Alberta election boils down to Calgary voter turnout: Ipsos |

A new Ipsos poll done for Global News shows little change in party rankings and the results are in the hands of voters as the province gets ready for Monday’s election." style="position:absolute;width:1px;height:1px" referrerpolicy="no-referrer-when-downgrade"/>

The poll surveyed 1,300 Albertans, 51 per cent of whom favoured the United Conservative’s Danielle Smith over the NDP’s Rachel Notley (46 per cent).

According to the poll, the race is tied in Calgary with both parties sitting at 49 per cent, and the NDP leading in Edmonton with 57 per cent versus 40 per cent for the UCP. The UCP “dominates” the rest of the province with a staggering 34-point lead (65 percent versus 31 per cent for the NDP).

“The campaign ends pretty much where it began with the UCP having a slight lead over the NDP in terms of voter preference,” said Kyle Braid, Senior Vice President of Ipsos public affairs. “The race is really up for grabs in the Calgary CMA where the parties are tied.

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“It’s advantage UCP, it’s their election there to win, but there are still uncertainties based on these numbers.”

Braid added that it really comes down to voter turnout. The NDP tends to attract a younger voter demographic, while the UCP sees a larger turnout from older generations, he said.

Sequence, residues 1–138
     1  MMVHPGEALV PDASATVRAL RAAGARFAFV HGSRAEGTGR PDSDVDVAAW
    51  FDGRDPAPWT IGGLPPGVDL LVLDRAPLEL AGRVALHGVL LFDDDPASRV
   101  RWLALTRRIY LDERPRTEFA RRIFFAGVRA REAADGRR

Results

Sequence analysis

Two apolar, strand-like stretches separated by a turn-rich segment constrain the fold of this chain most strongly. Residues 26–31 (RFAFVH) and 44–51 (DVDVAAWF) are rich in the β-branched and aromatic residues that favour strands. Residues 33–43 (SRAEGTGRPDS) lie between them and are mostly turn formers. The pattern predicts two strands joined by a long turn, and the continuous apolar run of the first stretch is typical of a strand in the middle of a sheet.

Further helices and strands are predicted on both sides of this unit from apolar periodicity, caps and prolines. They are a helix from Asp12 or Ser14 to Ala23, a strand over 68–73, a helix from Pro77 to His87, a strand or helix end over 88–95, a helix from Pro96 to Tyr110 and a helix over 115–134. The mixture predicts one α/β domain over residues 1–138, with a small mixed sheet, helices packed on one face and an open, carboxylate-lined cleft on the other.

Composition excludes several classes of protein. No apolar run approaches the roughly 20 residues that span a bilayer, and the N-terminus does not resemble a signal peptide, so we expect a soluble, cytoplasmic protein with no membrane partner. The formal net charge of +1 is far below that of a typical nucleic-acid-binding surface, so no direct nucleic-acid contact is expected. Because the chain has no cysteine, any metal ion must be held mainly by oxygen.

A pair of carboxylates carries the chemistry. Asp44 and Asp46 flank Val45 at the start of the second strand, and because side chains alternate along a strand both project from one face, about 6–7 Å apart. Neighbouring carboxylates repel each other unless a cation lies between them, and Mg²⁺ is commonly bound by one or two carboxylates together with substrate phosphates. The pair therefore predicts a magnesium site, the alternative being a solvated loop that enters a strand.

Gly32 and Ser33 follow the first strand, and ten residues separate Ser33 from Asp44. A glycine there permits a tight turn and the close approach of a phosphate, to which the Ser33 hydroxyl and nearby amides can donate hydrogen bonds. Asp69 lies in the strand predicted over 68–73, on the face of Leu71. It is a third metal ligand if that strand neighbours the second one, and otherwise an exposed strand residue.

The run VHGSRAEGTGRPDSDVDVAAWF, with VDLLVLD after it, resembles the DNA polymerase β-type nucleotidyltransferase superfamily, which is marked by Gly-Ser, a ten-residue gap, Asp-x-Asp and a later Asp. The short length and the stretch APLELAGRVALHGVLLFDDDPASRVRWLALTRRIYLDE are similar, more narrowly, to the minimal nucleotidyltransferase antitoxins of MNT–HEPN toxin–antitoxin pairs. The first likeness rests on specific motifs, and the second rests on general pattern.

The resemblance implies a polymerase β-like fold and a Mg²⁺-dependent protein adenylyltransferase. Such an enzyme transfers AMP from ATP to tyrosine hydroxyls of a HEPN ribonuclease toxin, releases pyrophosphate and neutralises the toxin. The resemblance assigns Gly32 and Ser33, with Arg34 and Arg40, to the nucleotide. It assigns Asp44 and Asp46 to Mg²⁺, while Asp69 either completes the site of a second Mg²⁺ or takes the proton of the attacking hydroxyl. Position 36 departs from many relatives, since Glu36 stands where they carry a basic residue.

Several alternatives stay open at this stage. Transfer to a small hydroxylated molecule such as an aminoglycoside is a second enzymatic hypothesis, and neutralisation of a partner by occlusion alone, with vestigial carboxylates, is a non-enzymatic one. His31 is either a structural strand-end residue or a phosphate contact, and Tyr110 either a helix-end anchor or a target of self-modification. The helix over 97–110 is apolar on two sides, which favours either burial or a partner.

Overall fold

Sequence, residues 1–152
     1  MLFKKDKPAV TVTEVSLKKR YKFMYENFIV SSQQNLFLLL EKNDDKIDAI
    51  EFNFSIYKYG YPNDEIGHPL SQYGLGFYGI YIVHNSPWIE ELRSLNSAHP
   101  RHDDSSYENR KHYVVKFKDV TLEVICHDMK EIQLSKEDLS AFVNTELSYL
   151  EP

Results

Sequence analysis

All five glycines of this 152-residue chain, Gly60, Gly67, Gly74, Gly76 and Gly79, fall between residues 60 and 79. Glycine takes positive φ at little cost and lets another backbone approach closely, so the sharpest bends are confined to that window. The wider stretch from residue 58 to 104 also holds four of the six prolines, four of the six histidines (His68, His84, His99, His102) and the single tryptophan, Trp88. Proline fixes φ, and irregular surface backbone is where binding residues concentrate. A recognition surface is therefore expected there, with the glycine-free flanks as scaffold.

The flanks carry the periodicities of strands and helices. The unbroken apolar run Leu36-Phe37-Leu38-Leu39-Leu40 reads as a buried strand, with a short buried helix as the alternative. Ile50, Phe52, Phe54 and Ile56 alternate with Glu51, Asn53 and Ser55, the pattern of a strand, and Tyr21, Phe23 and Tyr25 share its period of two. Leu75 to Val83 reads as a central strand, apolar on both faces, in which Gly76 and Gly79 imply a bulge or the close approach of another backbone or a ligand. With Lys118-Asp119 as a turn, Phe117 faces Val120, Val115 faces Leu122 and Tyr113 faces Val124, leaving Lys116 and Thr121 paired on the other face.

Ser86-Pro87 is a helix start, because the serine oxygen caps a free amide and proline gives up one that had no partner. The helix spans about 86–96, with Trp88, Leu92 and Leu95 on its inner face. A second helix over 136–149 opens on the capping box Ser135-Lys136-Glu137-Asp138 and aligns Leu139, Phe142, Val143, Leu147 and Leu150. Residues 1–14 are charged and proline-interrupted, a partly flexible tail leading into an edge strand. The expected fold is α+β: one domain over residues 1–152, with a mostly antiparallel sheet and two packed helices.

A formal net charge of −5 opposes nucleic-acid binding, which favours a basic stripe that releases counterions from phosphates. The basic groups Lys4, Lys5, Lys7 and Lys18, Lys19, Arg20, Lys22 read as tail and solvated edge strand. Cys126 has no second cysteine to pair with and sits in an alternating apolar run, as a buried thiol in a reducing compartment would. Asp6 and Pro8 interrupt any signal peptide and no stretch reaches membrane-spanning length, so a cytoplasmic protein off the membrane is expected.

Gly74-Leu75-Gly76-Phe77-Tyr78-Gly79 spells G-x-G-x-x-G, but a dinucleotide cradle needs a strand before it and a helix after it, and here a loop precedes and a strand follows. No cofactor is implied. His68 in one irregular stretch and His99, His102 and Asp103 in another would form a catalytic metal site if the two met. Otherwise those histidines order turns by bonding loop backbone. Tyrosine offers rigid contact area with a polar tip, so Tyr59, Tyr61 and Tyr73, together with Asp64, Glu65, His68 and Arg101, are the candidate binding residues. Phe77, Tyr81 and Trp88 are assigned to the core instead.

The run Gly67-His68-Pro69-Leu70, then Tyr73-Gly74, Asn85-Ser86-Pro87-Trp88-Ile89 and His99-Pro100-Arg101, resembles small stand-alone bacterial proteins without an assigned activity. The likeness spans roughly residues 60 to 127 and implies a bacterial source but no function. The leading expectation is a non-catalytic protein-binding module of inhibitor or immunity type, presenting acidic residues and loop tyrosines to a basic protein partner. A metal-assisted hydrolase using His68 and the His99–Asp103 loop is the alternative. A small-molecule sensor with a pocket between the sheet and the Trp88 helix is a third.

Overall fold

The poll shows a 17-point margin among older voters with the UCP leading with 57 per cent, while the NDP has a 9-point lead amongst younger voters 18 to 34-years-old. The parties are essentially tied 50 percent (UCP) to 47 per cent (NDP) amongst Albertans aged 35-54 years.

Braid said it wasn’t surprising that the results were similar to those at the beginning of the election.

“The campaign really got officially underway long before the writ was dropped earlier this month. The parties have been staking out their positions, there haven’t been a whole lot of new promises made during this campaign that weren’t made before.

“Let’s face it: These are two leaders that Albertans have known well, and they’ve known more many years. It was unlikely that people’s impressions were going to change much of these two leaders,” Braid said.

“It really does come down to who wins in Calgary, and at this point,” he said. “It’s voters that determine the outcome — they actually need to turn up to vote in order to have their party win.”

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